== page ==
If you recall the past two days, a lot of anglers put together early limits and lived in for big fish. But it’s also worth noting that the bite picked up in the afternoon to be as productive, if not more so, than the mornings.

Seth Feider nailed a 6-pounder, as did Gussy, late in the day. Feider said his bite was better when the sun was out, which means we should expect an uptick in action very soon.

The morning clouds finally broke a couple of minutes ago, and the sun is warming things up.

Gustafson has two for 5 pounds, and I’d expect No. 3 to eat his presentation any minute. Feider too.

Zaldain on the move

Chris Zaldain caught one 3-pounder on his starting area, where he caught many of his big bass the past two days.

But he abandoned the deep ledge barely more than an hour after his first cast. Yesterday he was getting bites on every cast, even if he didn’t hook up, but something obviously has changed.

Zaldain made several stops on the ledge to graph, but never put his trolling motor down. He’s now within sight of the launch, several hundred yards from Day 2 leader Jeff “Gussy” Gustafson and David Mullins.

Mueller sticking with his smallmouth plan

Four of the five bass in Paul Mueller's Day 1, 10th-place bag of 20-14 were smallmouths. Mueller thought he might have found a smallmouth pattern that would keep him near the top of the standings over four days at Cayuga Lake.

Yesterday, Mueller proved there are smallies big enough to win here. He weighed-in a 5-pound, 6-ounce smallmouth. But he was frustrated by both the lack of consistency in his pattern and how hard it is to land Cayuga's smallmouth bass once you get them hooked.

"I weighed a 5-6. If I could get five of the right bites, I could make the top 10 tomorrow," said Mueller, who had only 4 keepers and fell to 32nd place with 12-12. "I've got a lot of fish coming up and looking at my bait, then going back down. It's the most frustrating pattern. I almost wish I didn't have it."

Not only are these smallmouths hard to hook, that's only half the battle.

"These are the hardest-fighting smallmouth I've ever caught," said the Naugatuck, Conn., veteran smallmouth angler. "That 5-6 I had today, took me around the boat and around the boat and around the boat. I'm like, is this thing going to give up or what?"

Mueller won the battle with this 4 1/4-pound smallmouth at 7:55 this morning, and he's got two more in his livewell. Maybe this is the day the smallies turn on.

Canterbury vs. Blaylock

Scott Canterbury and Stetson Blaylock have a working agreement to share their area. Even so, it’s man against man, and Blaylock holds the edge right now according to BASSTrakk. It shows him in fourth with 6 pounds, 12 ounces, while Canterbury is sixth with 8-4.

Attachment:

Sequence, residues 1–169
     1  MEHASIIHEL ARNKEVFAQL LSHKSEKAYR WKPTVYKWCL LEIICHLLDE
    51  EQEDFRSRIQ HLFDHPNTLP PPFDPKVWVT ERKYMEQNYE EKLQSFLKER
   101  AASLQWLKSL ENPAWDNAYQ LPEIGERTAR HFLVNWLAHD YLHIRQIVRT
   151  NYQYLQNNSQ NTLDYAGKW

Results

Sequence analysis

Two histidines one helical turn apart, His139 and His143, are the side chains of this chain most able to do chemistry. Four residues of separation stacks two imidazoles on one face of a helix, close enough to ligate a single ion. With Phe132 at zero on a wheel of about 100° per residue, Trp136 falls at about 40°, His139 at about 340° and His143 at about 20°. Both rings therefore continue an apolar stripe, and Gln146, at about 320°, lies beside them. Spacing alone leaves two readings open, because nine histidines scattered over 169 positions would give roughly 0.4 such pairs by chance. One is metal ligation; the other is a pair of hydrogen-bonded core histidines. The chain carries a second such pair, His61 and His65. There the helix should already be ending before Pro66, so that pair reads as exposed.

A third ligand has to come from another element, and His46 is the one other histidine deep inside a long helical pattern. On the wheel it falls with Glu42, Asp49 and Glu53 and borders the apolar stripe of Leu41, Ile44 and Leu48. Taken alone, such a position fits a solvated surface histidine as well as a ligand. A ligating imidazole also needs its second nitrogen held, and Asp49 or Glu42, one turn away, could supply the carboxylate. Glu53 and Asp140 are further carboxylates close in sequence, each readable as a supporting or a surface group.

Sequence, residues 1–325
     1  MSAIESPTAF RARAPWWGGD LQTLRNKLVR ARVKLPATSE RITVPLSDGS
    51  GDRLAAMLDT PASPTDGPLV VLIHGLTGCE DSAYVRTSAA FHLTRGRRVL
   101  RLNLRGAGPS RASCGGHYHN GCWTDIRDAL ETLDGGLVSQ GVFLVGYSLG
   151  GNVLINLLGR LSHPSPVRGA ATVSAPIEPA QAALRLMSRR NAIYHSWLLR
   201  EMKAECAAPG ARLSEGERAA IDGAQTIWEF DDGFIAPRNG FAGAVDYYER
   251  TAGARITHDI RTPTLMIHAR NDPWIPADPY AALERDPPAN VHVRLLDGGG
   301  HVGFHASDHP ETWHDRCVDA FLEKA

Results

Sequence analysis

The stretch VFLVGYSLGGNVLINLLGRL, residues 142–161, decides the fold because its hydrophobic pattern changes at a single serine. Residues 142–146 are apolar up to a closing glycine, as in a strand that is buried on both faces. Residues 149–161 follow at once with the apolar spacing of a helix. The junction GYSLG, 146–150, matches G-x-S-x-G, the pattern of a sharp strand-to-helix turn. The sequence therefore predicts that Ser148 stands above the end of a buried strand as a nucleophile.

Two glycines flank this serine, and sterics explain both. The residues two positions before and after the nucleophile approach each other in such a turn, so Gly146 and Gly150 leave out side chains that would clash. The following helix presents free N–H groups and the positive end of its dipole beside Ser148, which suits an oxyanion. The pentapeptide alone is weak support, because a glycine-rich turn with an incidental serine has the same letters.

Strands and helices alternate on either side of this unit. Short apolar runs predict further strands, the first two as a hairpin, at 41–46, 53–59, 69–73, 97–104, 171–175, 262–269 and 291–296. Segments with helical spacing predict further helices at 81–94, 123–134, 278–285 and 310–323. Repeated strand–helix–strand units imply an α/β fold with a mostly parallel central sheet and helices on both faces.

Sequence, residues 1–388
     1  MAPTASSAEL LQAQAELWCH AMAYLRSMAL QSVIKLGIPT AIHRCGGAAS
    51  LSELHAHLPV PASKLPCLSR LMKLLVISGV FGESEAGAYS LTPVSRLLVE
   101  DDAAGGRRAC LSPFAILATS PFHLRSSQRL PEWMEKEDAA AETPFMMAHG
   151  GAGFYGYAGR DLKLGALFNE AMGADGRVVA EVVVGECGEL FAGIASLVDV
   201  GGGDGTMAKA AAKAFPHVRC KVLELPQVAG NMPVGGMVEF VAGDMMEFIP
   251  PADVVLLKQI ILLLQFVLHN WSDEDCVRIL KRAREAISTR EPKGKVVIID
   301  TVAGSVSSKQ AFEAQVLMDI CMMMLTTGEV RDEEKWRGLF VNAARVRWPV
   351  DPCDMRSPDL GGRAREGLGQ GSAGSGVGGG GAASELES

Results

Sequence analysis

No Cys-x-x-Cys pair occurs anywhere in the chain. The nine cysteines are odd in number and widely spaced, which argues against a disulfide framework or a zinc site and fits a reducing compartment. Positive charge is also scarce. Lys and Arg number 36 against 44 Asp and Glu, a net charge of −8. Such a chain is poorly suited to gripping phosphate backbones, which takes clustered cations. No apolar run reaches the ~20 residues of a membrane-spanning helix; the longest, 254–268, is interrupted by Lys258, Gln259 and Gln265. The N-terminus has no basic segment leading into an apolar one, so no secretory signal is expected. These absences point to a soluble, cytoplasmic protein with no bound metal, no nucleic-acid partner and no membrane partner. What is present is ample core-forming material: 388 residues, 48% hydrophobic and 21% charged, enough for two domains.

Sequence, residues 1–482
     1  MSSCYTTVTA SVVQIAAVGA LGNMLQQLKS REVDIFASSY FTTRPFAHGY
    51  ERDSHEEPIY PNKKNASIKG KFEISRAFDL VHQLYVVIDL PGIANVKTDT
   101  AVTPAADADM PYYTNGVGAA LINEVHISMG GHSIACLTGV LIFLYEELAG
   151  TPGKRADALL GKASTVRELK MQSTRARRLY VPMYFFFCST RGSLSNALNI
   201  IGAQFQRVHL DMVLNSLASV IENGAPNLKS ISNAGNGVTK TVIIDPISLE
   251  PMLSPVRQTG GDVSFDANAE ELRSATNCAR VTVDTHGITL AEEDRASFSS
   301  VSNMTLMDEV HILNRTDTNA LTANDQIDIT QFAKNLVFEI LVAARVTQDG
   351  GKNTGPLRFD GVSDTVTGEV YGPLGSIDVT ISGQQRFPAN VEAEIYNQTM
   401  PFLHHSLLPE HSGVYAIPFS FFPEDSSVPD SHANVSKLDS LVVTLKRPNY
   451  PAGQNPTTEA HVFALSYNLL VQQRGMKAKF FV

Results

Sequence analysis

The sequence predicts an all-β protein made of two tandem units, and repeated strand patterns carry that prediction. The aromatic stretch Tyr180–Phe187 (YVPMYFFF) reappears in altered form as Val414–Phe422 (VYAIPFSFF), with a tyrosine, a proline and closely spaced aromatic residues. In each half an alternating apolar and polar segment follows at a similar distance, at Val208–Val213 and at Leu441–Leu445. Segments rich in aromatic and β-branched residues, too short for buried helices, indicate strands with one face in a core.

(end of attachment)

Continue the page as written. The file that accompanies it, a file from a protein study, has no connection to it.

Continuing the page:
“We leaned on them pretty hard yesterday,” admitted Canterbury. “Hopefully there will be a few there today.”

Collectively, Blaylock and Canterbury have weighed 86 pounds from the ares.

Did Canterbury lean on them too hard? Not really. He was done “catching” by 10 o’clock on Thursday and Friday. In fact, he camped out on the spot to preserve it, even taking a long lunch break on his front deck. He even said if he could, he’d weighed his catch then.

Canterbury yesterday went practice fishing to expand on his share of the water.

“This morning (Saturday) I pulled up on a magic spot and knew it would be a long day if they didn’t fire up then and there,” said Blaylock. “But all I need are three more good bites, so we are gong to stay here and grind it out.”

Gussy hopes to mix it up

Jeff “Gussy” Gustafson came into this tournament hoping to catch a quick limit of largemouth, before switching to better quality smallmouth later in the day. That game plan hasn’t panned out, but there is hope.

“I thought the bigger fish would be smallmouth, but they have been gone the last two days,” he said. “This afternoon (Friday) I did find a little pack of them that I’m going to try again on Saturday.”

Weight is weight, and Gussy led the tournament after yesterday with 49 pounds, 1 ounce, and BASSTrakk now shows him in second place. Fortunately for him, nobody else is just smashing them.

He said the bite has been good, but it’s also been a grind to get fish into his livewell.

“My fish are relating more to structure than bait, and I’m keying on little hard spots that are in specific, tight little places,” he added.

By default, he is focusing on deeper, offshore areas.

“I don’t have experience here so I went with what I know best how to do.”